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June 12, 2017
[conspiracy] The Other Shooter: The Saddest and Most Expensive 26 Seconds of Amateur Film Ever Made … another look at the Zapruder Film

All the newest technologies have been thrown at Zapruder. The limitation, ultimately, isn’t the resolution of the 8mm film stock, but the quality of the lens. A rash of theories about JFK continue to revolve around the film, which, despite being such a landmark testament to what happened, hasn’t brought questions about the assassination to rest. “It’s one of the great ironies that, despite the existence of the film, we don’t know what happened,” says Begley.

“We’re still in the dark. What we finally have are patches and shadows. It’s still a mystery. There’s still an element of dream-terror. And one of the terrible dreams is that our most photogenic president is murdered on film. But there’s something inevitable about the Zapruder film. It had to happen this way. The moment belongs to the twentieth century, which means it had to be captured on film.”

June 9, 2017
[comics] The Alan Moore 2016 Christmas Interviews – Part 1 … from Pádraig Ó Méalóid and the TRVSAMSG on Facebook‘Advertising itself is the most blatant form of bad magic being practiced in the world today. Its practice progresses in leaps and bounds, even without the personally-targeted advertising which the internet allows, while our human neurology and our capacity to deal with these techniques progresses at a much more leisurely crawl. I was taking recently with the highly respected magician Lionel Snell, who was pointing out that rational statements, if anything, tend to lose power with repetition, simply because we become used to them and they seem commonplace or boring. Magical incantations, however, many of them in languages that the practitioner does not even understand, will actually gain power from repetition. Clearly, under the rubric of magical incantation we should include the slogan, be it for commercial advertising or for political purposes. The slogans ‘Brexit Means Brexit’ or ‘Let’s Make America Great Again’, while they mean precisely nothing, if repeated enough times with steadily increasing volume will come to seem like profound eternal truths.’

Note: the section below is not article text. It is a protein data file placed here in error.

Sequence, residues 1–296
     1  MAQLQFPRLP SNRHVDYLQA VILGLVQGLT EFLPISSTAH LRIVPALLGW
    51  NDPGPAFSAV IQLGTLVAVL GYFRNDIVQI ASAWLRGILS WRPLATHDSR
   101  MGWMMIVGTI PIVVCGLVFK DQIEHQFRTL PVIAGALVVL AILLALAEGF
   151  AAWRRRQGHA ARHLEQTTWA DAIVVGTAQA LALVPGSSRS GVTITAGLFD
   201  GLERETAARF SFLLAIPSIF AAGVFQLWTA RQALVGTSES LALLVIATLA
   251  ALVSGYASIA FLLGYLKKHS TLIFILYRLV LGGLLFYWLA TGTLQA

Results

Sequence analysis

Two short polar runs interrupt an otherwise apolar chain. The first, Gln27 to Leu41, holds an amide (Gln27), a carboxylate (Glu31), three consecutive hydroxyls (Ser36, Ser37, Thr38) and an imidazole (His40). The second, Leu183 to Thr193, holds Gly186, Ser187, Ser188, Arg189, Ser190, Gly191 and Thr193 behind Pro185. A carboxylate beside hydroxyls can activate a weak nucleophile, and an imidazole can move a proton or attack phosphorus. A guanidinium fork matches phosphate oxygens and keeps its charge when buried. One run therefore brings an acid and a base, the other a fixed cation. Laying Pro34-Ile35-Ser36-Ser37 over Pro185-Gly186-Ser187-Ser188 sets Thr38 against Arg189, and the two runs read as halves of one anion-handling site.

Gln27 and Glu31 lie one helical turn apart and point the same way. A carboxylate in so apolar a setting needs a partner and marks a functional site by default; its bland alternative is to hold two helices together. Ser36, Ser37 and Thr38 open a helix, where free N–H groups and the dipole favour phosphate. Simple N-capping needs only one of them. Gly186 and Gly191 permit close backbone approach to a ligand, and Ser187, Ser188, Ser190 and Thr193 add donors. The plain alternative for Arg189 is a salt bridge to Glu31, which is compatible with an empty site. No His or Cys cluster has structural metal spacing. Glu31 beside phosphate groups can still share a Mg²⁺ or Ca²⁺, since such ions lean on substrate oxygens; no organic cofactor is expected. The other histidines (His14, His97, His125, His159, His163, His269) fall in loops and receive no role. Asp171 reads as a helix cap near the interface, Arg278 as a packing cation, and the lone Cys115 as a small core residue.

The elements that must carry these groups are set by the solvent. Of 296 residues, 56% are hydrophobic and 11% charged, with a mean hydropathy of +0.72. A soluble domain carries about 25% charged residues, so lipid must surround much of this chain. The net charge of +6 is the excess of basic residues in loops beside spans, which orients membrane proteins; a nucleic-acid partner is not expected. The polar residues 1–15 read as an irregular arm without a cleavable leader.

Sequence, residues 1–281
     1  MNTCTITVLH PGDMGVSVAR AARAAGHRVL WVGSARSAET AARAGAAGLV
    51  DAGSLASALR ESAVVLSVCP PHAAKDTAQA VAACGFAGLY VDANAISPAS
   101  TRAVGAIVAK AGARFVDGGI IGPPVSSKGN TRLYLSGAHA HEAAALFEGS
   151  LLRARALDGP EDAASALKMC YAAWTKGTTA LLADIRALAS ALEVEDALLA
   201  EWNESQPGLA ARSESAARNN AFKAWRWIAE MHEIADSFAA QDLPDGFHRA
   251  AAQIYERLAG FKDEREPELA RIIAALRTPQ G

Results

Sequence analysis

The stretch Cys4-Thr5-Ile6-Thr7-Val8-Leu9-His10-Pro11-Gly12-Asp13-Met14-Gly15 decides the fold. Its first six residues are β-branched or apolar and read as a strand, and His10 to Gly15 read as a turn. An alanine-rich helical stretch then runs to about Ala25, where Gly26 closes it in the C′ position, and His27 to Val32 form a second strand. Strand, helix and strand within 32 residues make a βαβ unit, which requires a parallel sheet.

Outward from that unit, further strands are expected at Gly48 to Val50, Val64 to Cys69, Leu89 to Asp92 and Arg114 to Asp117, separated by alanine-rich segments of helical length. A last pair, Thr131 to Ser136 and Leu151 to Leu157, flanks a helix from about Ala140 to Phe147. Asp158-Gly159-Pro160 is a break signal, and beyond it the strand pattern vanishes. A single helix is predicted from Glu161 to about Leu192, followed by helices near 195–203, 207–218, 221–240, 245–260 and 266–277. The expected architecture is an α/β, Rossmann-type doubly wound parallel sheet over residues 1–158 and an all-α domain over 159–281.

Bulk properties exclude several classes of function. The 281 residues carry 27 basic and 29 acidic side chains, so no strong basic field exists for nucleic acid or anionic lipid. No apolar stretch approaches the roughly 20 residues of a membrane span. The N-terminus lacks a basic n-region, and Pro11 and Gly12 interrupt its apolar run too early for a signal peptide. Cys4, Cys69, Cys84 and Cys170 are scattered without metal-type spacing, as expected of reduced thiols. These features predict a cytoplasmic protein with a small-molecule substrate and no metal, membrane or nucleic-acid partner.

June 7, 2017
[truecrime] A Loaded Gun … a look at the violent past of a non-standard mass shooter … ‘For fifty minutes, Bishop said nothing. Then, just as the meeting was concluding, she stood up, pulled out the gun, a 9-mm. Ruger semiautomatic, and shot Podila in the head. The blast was deafening. She fired again, hitting a department assistant, Stephanie Monticciolo. Next, Bishop turned and shot Adriel Johnson, a cell biologist. People screamed and ducked for cover, but Bishop was blocking the only door. Moriarity did not fully register what was happening until she saw Bishop—her jaw set, her brow furrowed—train the gun on a fourth colleague, Maria Ragland Davis, and shoot her. Moriarity dived under the table. With gunshots ringing out above her, she flung her arms around Bishop’s legs, looked up, and screamed, “Amy, don’t do this! Think of my daughter! Think of my grandson!” Bishop looked down—then turned the gun on Moriarity. Click. Moriarity, in terror, stared at the gun. Click.’
June 6, 2017
[tech] The Lost Joys of the Screen Saver … a thoughtful, nostalgic look at Screen Savers … ‘To me, screen savers have always afforded some tenuous connection to the afterlife. The first one I can remember, on my family’s household desktop, featured a crimson psychedelia that overtook the screen’s blackness, a kaleidoscope of paisleys and helixes forever in a state of irresolution. Late at night, I’d prepare an unhealthy snack and sit patiently in front of the monitor to watch it, a child beseeching death. How fitting would it be, I thought then, if we all ended up trapped behind a pane of glass roiling with pixels? My instinct was only reaffirmed by a childhood friend’s widowed grandmother, who held onto the conviction that her husband was trying to communicate to her through her Dell’s wispy screen saver. She spent her evenings careful not to disturb the cursor, basking in her lover’s strange séance.’ [via jwz]
June 5, 2017
[comics] Comics Recommended by Alan Moore … great page of recommendations (sadly the orginal is a 404 but archived) … On Marshal Law: ‘If Watchmen did in any way kill off the superhero – which is a dubious proposition – then Marshal Law has taken it further with this wonderful act of necrophilia, where it has degraded the corpse in a really amusing way.’
June 2, 2017
[books] Drif Field, Raymond Carver, and the infamous Guide… a look at Drif’s Guide to All the Second-hand and Antiquarian Bookshops in Britain … ‘It all has the tone of a man about to bow out, and leave the blinkered inhabitants of Sodom and Gomorrah to their well-deserved ruin. And his prophesy has largely come to pass. The ranks of second-hand booksellers have thinned drastically. There are still some left in Sussex, but like antiques in general it’s a dying trade in which a very few discreet high-class niche dealers (without the overheads of a shop) might still do well, but most bookshop-owners won’t. The times are against them.’ [thanks Phil]